Electromagnetic band-gap structures: classification, characterization, and applications
ABSTRACT When periodic structures interact with electromagnetic waves
amazing features result. In particular, characteristics such as
frequency stop-bands, pass-bands and band-gaps could be identified.
Surveying the literature, one observes that various terminology have
been used depending on the domain of the applications. These
applications are seen in filter designs, gratings, frequency selective
surfaces (FSS), photonic crystals and band-gaps (PBG), etc. We classify
them under the broad terminology of “electromagnetic band-gaps
(EBG)”. The focus of this paper is to present a powerful
computational engine utilizing finite difference time domain (FDTD)
technique integrated with the Prony method to analyze and understand the
unique propagation characteristics of different classes of complex EBG
structures such as, (a) FSS structures, (b) PBG crystals, (c) smart
surfaces for communication antenna applications, (d) surfaces with
perfectly magnetic conducting properties (PMC), (e) creation of
materials with negative permittivity and negative permeability, (f)
surfaces with reduced edge diffraction effects, and (g) the notion of
equivalent media. The performance of two types of the EBG structures
namely, single and multi-layered tripod FSS, and rectangular, triangular
and woodpile PBG crystals is detailed. Some of the potential
applications of these structures are highlighted
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ABSTRACT: Reconfigurable frequency-selective surfaces (FSS) composed of ferromagnetic arrays have been fabricated by incorporating MEMS techniques and electrodeposition of highly magnetic materials. These arrays of magnetic microactuators have been demonstrated to dynamically attenuate the frequency bands they were designed for. A single dipole element consists of an 850×158×30 µm 3 ferromagnetic plate made of 40Co-60Ni attached to a pair of 400×5×1 µm 3 double-ended polysilicon torsion bars. The remanent magnetization in the hard ferromagnetic material allows relatively small magnetic fields (~1750 A/m or 22 Oe) to induce significant angular deflections (~45°). By rotating the dipole elements from 0° to more than 45°, the filtering response of the frequency-selective surface can be tuned over a range of 5 GHz at frequencies over 60 GHz.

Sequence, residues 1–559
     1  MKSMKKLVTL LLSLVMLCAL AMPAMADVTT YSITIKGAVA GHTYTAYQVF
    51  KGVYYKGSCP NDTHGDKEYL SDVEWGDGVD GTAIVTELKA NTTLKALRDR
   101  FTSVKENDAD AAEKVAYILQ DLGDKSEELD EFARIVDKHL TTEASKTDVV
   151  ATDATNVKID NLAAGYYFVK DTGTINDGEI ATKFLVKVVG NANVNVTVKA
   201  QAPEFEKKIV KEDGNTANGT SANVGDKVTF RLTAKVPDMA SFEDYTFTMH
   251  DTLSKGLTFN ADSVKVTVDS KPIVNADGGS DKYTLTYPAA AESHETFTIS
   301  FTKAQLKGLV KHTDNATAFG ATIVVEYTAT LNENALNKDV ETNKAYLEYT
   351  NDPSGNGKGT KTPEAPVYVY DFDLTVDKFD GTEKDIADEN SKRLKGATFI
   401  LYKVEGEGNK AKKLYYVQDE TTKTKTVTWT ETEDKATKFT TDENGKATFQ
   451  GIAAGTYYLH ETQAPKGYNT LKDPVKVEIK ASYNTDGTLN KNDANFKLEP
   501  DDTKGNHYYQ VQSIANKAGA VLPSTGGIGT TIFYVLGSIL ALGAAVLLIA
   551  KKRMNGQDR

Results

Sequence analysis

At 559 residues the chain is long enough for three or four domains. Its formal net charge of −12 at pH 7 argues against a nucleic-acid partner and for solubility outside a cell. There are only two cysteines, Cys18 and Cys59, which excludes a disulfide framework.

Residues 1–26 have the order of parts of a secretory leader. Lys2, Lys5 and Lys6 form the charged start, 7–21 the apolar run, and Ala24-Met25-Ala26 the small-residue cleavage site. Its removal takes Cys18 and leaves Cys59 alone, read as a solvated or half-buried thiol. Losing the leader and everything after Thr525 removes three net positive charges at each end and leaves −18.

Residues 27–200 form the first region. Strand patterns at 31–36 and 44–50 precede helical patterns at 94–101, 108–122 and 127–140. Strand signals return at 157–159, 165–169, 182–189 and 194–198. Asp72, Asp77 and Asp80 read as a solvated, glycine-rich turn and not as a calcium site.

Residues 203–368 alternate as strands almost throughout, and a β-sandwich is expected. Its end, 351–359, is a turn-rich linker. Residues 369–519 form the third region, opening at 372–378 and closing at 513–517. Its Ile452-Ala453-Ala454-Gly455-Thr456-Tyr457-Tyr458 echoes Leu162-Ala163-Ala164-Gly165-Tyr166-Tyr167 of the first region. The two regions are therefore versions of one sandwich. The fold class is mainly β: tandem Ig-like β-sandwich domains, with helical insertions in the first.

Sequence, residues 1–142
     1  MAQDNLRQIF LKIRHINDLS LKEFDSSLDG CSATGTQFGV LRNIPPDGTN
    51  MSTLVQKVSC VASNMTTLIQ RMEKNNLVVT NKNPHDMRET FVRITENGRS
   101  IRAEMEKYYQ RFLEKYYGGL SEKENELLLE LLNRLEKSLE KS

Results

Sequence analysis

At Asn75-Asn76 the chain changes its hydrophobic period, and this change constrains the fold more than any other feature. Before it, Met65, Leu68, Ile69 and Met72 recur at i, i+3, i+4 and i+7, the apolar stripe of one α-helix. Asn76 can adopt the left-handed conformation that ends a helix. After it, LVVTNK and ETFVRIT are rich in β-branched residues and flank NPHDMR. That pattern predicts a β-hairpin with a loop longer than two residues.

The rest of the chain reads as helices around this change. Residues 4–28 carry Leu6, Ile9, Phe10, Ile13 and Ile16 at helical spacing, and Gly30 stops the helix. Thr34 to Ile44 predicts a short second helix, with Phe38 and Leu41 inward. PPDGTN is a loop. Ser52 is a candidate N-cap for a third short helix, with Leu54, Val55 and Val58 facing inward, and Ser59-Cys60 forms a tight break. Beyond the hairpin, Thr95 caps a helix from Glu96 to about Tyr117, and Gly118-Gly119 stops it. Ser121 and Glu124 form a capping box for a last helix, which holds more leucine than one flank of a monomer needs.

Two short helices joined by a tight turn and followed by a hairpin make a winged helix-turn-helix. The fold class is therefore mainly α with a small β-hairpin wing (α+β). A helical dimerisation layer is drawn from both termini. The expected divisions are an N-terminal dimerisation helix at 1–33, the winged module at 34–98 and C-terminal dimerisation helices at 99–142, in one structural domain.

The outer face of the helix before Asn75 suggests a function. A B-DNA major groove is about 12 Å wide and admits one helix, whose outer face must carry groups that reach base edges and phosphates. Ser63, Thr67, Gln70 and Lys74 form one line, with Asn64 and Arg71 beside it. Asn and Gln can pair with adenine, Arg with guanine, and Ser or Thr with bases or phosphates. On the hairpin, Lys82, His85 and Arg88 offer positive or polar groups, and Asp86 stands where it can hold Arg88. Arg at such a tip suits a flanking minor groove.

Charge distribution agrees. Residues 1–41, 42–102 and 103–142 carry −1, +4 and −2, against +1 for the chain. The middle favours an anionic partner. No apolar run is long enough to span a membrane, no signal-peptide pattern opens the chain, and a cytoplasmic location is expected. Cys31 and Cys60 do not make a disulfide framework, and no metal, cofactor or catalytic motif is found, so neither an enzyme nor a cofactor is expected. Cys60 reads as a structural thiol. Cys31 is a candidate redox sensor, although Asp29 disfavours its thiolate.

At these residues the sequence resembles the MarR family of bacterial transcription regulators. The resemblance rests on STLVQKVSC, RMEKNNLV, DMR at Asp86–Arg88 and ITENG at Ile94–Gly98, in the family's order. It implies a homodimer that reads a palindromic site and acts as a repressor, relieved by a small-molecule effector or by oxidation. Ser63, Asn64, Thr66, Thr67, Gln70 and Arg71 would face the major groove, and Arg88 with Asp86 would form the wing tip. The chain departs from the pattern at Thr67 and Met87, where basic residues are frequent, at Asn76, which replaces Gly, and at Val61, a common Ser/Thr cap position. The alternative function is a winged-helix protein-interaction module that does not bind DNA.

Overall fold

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ABSTRACT: This paper presents the study of electromagnetic band gap (EBG) structure using slot ring and its effect on circularly polarized triangular patch antenna performance. The EBG structure has been designed on dielectric substrate ε r =4.3 and thickness h=1.53mm. The EBG structure acts as resonator which attenuates the surface wave propagation in a specific frequency range. A new single slot ring EBG structure is proposed which exhibits surface wave attenuation better than 20 dB in the frequency range from 2.75 GHz to 3.2 GHz. An antenna with center frequency of 2.8 GHz is designed with and without EBG. The peak gain and radiation efficiency of this antenna are improved significantly when antenna is above EBG in comparison to antenna without EBG. The simulated radiation patterns of the antenna exhibit reduction in backward radiation when antenna above EBG plane in comparison to radiation pattern without EBG. Keywords-Electromagnetic band gap (EBG), periodic structures, fractal geometry, platting through hole (PTH), microstrip antenna, and surface wave suppression.
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ABSTRACT: Reconfigurable frequency-selective surfaces have been realized by integrating an array of batch fabricated magnetic microactuators into an array of conductive dipole elements. The microactuators in the array consist of a 896×168×30 µm 3 ferromagnetic plate made of 40Co-60Ni attached to a pair of 400×30×1 µm 3 polysilicon torsion bars. The remanent magnetization in the hard ferromagnetic material allows relatively small magnetic fields (~1750 A/m or 22 Oe) to induce significant angular deflections (~45°). By rotating the dipole elements from 0° to more than 45°, the filtering response of the frequency-selective surface can be tuned over a range of 5 GHz at frequencies over 60 GHz.